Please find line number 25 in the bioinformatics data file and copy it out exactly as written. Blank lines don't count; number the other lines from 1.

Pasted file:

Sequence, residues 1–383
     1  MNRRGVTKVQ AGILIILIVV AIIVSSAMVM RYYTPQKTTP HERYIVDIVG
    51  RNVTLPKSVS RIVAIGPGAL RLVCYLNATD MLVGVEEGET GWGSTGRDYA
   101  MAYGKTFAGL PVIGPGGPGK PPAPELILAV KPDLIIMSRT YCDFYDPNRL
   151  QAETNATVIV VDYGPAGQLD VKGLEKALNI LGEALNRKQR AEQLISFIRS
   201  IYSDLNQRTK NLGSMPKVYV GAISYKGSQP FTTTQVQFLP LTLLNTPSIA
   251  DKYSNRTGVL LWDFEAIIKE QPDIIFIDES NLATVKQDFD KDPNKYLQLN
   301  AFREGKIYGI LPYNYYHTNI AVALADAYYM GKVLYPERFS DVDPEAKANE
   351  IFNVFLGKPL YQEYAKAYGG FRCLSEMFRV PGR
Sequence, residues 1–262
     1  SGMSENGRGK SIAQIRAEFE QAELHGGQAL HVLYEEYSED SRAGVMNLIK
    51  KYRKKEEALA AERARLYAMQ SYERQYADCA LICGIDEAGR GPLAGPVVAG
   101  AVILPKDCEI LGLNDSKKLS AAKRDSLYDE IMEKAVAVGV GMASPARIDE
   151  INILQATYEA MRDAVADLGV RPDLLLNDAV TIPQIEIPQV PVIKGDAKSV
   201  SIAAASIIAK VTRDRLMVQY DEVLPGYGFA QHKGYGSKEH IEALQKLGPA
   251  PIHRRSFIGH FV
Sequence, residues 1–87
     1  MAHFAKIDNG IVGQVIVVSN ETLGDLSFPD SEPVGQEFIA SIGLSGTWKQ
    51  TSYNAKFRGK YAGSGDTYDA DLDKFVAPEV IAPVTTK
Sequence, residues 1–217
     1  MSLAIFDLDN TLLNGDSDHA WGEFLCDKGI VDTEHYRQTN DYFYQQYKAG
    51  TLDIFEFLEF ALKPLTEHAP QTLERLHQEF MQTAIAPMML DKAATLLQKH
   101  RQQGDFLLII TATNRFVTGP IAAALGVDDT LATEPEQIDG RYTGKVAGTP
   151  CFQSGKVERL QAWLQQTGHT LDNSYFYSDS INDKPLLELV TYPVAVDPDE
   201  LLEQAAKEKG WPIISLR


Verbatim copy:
   201  LLEQAAKEKG WPIISLR